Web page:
> going to lose the SQL-ness of it anyway, so that shouldn't matter.
>
> A structured array mapped to a physical byte-stream will be several times
> faster than SQLite (or any other RDBMS for that matter).  SQL as supported
> by the average RDBMS is only really helpful when you are looking for
> SET-type relational data handling or very large data (and your use case is
> specifically not for large data). Most RDBMSes have great optimizations for
> speeding up resolving of relational-type questions and their every-day-use
> advantages are legion, they are however without exception NOT faster than -
> NOR intended to be faster than - simple byte/structured array handling.
>
> You might even find a synergy between using your own structured array
> together with an SQLite DB which only get accessed once you need more
> information than persists in the array itself - it's easy to make a pilot
> and test the speed gains. And please do that before investing the time to
> develop a fully fledged dual system.
>
>
>
>> Even forgetting about keys, if you packed say 8 columns into one int64
>> column would you not be saving a minimum of 7 bits?
>>
>
> No you won't, SQLite stores Integer much more efficiently. Unless you mean
> use ONLY the 64-bit index and not storing the values in separate fields in
> the DB at all, in which case yes, you will save a few bytes, possibly less
> than 7 though (I need to affirm the exact number, don't know off the
> top...).
>
> Cheers,
> Ryan
>
>
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Re: [sqlite] Packing integer primary key with field bits

2017-08-10 Thread R Smith



On 2017/08/10 4:51 PM, x wrote:

Valid point on the intended range Gunter. I don’t know enough about sqlite to fully 
understand your index cell paragraph. I thought the way sqlite worked was e.g. to 
get the value of the 3rd column it had to read the lengths of col1 & col2 so it 
knows where col 3 value starts (I’ve seen a comment that the most retrieved cols 
should be at the start of the record)


This is true, but the cost of "reading" the bytes to get to the values 
are no worse than what your cost would be for reading the Int64 and 
unpacking the bytes from there... SQLite internally does the same thing 
only without using an Int64, it just uses an array of bytes, but gleans 
the values equally efficiently. If it was better to use Int64 values in 
stead of a byte-array, SQLite would already be using it. By the way, 
Int64 is just another way of saying "list of 8 bytes", which is just 
another way of saying "list of 64 bits", there is nothing magically more 
efficient about 64bit INT than a list of 8 bytes. Memory is memory.
Your idea might offer savings in that you predetermine the length of 
stored values and ensure they fit into that list of 8 bytes, whereas 
SQLite stores also a Length, but has the vastly superior property of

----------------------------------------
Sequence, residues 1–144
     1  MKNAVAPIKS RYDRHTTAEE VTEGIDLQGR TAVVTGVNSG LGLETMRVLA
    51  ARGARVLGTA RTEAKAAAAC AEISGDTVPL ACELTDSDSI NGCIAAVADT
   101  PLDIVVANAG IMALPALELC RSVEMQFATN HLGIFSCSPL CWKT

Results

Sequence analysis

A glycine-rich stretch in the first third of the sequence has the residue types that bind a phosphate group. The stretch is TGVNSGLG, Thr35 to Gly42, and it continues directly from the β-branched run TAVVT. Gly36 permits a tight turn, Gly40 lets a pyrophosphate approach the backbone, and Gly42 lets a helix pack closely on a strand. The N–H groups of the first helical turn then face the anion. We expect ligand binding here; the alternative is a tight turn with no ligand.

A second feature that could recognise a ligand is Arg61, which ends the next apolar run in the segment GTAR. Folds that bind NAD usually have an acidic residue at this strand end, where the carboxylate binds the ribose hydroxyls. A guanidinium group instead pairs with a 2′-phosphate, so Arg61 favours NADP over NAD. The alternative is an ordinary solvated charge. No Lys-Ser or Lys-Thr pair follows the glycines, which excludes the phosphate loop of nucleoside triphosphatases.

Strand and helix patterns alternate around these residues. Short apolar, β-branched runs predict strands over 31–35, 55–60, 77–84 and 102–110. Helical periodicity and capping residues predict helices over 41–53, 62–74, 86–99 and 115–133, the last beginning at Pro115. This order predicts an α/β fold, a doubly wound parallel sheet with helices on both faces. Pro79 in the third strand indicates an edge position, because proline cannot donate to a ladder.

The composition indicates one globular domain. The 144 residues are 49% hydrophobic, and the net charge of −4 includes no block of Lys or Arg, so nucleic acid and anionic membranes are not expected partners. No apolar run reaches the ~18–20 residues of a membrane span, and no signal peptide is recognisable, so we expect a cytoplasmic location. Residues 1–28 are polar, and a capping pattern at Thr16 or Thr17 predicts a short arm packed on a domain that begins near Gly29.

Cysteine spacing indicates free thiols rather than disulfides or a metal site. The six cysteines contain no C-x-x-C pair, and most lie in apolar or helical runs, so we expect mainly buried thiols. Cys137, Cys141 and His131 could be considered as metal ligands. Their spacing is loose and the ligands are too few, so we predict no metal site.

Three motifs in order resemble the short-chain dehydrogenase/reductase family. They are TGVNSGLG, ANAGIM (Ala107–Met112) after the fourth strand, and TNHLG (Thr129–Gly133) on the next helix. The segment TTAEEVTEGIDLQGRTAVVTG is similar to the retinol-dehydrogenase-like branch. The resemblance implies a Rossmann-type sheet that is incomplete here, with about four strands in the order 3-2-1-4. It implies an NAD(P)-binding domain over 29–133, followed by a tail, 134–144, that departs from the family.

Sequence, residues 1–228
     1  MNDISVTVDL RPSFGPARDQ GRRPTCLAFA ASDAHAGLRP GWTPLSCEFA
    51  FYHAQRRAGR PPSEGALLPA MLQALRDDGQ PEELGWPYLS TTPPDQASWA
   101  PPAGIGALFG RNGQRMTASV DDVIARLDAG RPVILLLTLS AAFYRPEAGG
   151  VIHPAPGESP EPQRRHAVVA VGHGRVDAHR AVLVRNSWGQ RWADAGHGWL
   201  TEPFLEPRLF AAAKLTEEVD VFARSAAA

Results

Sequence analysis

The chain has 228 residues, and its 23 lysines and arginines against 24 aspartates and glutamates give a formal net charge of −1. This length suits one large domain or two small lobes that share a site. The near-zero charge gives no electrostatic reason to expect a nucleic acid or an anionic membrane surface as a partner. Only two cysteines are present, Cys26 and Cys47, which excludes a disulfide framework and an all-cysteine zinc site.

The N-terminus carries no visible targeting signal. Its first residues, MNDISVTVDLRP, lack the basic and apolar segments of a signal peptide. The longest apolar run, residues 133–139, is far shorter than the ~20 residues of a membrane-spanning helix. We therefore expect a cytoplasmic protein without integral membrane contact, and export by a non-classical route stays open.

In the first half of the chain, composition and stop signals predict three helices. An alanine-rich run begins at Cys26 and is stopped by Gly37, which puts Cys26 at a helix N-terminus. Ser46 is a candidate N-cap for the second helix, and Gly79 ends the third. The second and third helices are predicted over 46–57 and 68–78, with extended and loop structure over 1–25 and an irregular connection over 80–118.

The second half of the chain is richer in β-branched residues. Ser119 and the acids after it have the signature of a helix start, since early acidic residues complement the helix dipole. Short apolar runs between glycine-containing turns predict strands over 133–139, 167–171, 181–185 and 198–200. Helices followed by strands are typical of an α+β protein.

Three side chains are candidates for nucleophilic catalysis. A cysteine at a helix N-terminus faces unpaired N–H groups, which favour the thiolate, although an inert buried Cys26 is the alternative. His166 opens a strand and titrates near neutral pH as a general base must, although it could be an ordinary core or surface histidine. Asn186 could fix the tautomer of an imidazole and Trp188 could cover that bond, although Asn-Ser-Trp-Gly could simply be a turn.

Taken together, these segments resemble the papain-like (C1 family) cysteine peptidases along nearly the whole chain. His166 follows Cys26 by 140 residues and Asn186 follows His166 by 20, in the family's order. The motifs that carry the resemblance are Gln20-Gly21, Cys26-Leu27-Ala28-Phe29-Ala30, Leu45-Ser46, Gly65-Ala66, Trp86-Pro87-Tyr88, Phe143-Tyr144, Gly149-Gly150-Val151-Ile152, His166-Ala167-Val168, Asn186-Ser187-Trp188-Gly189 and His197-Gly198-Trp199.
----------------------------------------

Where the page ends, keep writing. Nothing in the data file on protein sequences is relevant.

being able to store any size of any type of variable. Again, the speed 
gain is dubious for the price it comes at.


To make matters worse, the real bottleneck is usually the storage layer, 
and to read even 1 byte from a row, or Index, usually requires reading 
an entire File-System Page (Typically ~4 Thousand bytes) but some 
successive reads are usually gotten from the same page to make matters 
more efficient. The point being, the reading of that File system page is 
several magnitudes more time-intensive than unpacking the bytes. You 
will not save anything much speed-wise, and very little space-wise, and 
then only for smaller row-lengths.


By the way, the same goes for reading your own array of bytes from the 
storage medium - the hope is of course that some good caching at both 
the storage layer and your application layer would smooth out read/write 
waits.



  and that indexes are stored the same way.


This is not quite true. The Index is (usually) a B-Tree structure with 
consistent size value indices. An Index is built for speed, not storage 
efficiency. Adding an Index effectively copies the entire column(s) the 
Index refers to into slightly less efficient (but more accessible) 
storage - It's much worse space-wise than simply using separate fields 
and no Index.
[Note: I am not 100% sure about the BTree storage format in SQLite's 
case, I refer here to other DB Engines, but I would be surprised if an 
SQLite BTree Index is stored exactly the same as the table Row format.]



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Re: [sqlite] Packing integer primary key with field bits

2017-08-10 Thread Paul Sanderson
Space savings will depend very much on what other data is in the table.

If you have a 4096 byte page size and with an average record size of 1000
bytes then saving 7 bytes for each of the 4 records wont free up enough